• Khan N.A.
        • Spencer H.J.
        • Abda E.A.
        • et al.
        Patient's global assessment of disease activity and patient's assessment of general health for rheumatoid arthritis activity assessment: are they equivalent?.
        Ann Rheum Dis. 2012; 71: 1942-1949
        • Ware Jr., J.E.
        • Sherbourne C.D.
        The MOS 36-item short-form health survey (SF-36): I. Conceptual framework and item selection.
        Med Care. 1992; 30: 473-483
        • Olsson L.
        • Swedberg K.
        Six minute walk test.
        Eur Heart J. 2005; 26: 2209
        • Beck A.T.
        • Steer R.A.
        • Brown G.K.
        Manual for the Beck Depression Inventory-II.
        Psychological Corp, San Antonio1996
        • Eskildsen A.
        • Dalgaard V.L.
        • Nielsen K.J.
        • et al.
        Cross-cultural adaptation and validation of the Danish consensus version of the 10-item Perceived Stress Scale.
        Scand J Work Environ Health. 2015; 41: 486-490
        • Brady T.J.
        Measures of self-efficacy: Arthritis Self-Efficacy Scale (ASES), Arthritis Self-Efficacy Scale-8 Item (ASES-8), Children's Arthritis Self-Efficacy Scale (CASE), Chronic Disease Self-Efficacy Scale (CDSES), Parent's Arthritis Self-Efficacy Scale (PASE), and Rheumatoid Arthritis Self-Efficacy Scale (RASE).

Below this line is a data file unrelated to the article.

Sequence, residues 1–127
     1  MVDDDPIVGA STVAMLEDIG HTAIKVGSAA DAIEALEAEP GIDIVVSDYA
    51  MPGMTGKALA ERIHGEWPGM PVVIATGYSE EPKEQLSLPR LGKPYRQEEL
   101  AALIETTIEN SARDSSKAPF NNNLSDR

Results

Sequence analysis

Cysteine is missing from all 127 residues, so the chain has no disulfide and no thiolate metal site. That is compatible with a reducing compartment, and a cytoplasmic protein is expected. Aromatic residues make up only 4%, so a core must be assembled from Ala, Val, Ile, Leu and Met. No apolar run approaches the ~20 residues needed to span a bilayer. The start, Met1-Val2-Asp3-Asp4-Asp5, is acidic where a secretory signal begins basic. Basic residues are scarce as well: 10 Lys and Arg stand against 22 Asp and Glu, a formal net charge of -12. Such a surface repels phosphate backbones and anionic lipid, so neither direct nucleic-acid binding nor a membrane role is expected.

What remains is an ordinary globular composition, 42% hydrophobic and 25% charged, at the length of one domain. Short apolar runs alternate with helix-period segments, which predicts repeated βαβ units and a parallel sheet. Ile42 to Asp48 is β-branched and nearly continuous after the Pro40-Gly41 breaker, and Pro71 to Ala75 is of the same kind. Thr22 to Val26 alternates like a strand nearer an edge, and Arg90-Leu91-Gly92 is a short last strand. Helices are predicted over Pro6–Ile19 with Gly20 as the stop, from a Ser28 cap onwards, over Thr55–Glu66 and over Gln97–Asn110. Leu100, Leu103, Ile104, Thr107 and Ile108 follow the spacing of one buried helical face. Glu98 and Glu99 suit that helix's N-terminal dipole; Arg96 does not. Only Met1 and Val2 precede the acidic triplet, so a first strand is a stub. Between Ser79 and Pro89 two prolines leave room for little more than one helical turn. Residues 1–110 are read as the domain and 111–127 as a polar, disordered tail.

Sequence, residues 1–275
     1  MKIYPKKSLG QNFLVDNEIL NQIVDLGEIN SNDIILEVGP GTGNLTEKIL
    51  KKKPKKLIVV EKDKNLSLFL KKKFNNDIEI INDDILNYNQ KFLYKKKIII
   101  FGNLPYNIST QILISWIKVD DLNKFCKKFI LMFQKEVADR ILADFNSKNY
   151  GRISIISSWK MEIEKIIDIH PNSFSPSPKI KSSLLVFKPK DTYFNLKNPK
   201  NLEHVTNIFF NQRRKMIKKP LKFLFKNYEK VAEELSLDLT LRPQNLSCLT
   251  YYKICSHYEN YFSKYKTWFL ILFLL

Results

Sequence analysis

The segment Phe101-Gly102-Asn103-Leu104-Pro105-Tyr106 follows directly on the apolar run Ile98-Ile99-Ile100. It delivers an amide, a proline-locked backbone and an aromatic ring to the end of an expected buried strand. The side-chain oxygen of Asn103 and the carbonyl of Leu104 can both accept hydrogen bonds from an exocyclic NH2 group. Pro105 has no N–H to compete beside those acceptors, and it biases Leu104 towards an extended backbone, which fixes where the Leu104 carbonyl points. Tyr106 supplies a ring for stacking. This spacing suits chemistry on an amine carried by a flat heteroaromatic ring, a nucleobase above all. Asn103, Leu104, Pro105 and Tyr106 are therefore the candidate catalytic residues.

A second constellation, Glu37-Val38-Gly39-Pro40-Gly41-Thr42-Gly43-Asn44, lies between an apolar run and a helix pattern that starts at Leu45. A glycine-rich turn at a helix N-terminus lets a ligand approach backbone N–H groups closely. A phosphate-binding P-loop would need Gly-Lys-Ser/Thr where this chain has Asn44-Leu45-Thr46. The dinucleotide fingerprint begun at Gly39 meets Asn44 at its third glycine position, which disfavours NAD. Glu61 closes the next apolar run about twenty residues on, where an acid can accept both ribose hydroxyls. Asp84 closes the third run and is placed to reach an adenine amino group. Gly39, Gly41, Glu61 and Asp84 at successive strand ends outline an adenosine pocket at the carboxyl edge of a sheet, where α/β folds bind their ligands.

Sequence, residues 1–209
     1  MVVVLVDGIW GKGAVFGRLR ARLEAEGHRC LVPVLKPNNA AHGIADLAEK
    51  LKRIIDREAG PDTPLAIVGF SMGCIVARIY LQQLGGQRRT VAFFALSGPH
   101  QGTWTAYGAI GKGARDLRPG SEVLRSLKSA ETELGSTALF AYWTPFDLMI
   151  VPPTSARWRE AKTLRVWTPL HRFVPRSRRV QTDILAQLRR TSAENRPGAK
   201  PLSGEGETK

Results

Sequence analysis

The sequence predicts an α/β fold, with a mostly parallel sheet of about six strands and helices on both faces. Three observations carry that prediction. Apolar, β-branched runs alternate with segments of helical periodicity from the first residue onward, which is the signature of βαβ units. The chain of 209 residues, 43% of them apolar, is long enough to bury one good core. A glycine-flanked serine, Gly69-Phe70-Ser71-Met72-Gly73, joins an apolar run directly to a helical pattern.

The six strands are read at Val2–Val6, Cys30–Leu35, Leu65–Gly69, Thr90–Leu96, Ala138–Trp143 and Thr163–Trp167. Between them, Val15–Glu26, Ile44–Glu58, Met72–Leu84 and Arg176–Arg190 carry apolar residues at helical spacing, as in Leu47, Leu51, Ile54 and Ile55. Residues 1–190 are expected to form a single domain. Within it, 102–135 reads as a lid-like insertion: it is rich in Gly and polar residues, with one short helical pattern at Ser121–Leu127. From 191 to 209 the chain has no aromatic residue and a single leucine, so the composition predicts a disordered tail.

Arthritis Care Res. 2011; 63: S473-S485
        • Pham T.
        • Van Der Heijde D.
        • Lassere M.
        • et al.
        Outcome variables for osteoarthritis clinical trials: The OMERACT-OARSI set of responder criteria.
        J Rheumatol. 2003; 30: 1648-1654
        • Yu M.
        • Clark M.
        Investigating mindfulness, borderline personality traits, and well-being in a nonclinical population.
        Psychology. 2015; 6: 1232-1248
        • Lee A.C.
        • Harvey W.F.
        • Price L.L.
        • Morgan L.P.
        • Morgan N.L.
        • Wang C.
        Mindfulness is associated with psychological health and moderates pain in knee osteoarthritis.
        Osteoarthritis Cartilage. 2017; 25: 824-831
        • Mason A.E.
        • Epel E.S.
        • Aschbacher K.
        • et al.
        Reduced reward-driven eating accounts for the impact of a mindfulness-based diet and exercise intervention on weight loss: data from the SHINE randomized controlled trial.
        Appetite. 2016; 100: 86-93
        • Nyklíček I.
        • Hoogwegt F.
        • Westgeest T.
        Psychological distress across twelve months in patients with rheumatoid arthritis: the role of disease activity, disability, and mindfulness.
        J Psychosom Res. 2015; 78: 162-167
        • Uusberg H.
        • Uusberg A.
        • Talpsep T.
        • Paaver M.